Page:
“…his lack of interest in honours, in recognition and in the normal trappings of success was sobering.”

Mark Halle, Director, Trade and Investment Program International Institute for Sustainable Development

Heroes are people we not only admire, but whom in many ways we use as models. In that sense, Konrad was a hero. I not only admired him, but studiously sought to imitate his fine balance between professional rigour and outward casualness; his propensity to surprise and delight; his attempt to look behind what everyone was saying to find a more interesting and ultimately more useful perspective on an issue. “Thinking out of the box” has become a cliché, but surprisingly few people are really able to do it. Konrad did it as a way of life, as a game, as a source of fun.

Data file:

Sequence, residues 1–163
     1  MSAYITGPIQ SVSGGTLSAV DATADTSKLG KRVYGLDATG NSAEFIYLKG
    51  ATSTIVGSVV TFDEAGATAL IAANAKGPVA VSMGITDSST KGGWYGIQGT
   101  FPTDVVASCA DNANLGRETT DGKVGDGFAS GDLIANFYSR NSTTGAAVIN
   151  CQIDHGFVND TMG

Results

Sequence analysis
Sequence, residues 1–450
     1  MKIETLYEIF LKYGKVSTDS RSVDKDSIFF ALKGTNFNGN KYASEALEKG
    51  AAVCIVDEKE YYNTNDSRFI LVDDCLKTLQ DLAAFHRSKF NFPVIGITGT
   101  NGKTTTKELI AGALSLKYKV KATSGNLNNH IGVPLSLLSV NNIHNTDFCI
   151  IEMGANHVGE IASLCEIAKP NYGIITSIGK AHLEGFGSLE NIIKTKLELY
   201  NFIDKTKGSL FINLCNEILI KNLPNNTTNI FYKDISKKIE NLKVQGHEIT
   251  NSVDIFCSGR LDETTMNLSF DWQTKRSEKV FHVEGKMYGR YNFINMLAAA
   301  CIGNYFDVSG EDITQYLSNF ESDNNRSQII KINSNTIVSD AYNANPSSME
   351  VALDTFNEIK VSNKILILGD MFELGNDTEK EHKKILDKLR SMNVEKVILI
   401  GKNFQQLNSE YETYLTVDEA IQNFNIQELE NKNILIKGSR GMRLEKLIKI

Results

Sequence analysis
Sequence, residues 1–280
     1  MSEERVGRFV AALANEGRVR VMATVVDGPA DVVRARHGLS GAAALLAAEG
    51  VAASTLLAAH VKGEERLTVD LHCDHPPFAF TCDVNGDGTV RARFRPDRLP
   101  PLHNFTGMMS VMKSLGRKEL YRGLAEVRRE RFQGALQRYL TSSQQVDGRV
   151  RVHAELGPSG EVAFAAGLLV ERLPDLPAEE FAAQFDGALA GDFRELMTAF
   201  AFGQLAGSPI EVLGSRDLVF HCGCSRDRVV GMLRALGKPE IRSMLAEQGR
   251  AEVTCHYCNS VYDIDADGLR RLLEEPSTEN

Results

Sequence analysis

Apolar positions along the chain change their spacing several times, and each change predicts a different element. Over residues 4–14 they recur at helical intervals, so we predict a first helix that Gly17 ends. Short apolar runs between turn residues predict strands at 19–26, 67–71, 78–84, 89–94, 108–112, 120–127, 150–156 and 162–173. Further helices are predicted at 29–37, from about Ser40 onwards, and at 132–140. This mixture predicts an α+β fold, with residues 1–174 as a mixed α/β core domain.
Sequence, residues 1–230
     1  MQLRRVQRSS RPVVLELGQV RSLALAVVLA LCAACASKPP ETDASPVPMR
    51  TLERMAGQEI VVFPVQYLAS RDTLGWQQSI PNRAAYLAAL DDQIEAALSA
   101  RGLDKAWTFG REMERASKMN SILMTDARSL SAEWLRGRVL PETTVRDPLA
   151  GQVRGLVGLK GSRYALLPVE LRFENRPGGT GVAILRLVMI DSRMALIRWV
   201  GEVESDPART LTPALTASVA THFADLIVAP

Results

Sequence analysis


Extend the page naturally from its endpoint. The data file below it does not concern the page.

It was easy to look up to Konrad—physically of course, but also in terms of what he was. For someone as wise and worldly, his lack of interest in honours, in recognition and in the normal trappings of success was sobering. His patrician background and his cosmopolitan sophistication might have predisposed him to a more classical academic itinerary. Instead, he sought one thing only in his professional life—the luxury to think and to work on the issues that he found fascinating. No title, no swollen income, no guarantee of comfort could replace this priority, at least in his professional life.

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